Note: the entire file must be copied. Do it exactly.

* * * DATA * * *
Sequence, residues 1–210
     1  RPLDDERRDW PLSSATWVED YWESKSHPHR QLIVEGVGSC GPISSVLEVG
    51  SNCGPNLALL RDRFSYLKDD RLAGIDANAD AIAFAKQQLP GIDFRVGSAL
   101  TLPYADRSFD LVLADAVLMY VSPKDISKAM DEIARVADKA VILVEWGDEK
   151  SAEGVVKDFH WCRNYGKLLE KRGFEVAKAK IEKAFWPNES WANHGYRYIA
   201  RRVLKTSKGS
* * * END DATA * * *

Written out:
Sequence, residues 1–210
     1  RPLDDERRDW PLSSATWVED YWESKSHPHR QLIVEGVGSC GPISSVLEVG
    51  SNCGPNLALL RDRFSYLKDD RLAGIDANAD AIAFAKQQLP GIDFRVGSAL
   101  TLPYADRSFD LVLADAVLMY VSPKDISKAM DEIARVADKA VILVEWGDEK
   151  SAEGVVKDFH WCRNYGKLLE KRGFEVAKAK IEKAFWPNES WANHGYRYIA
   201  RRVLKTSKGS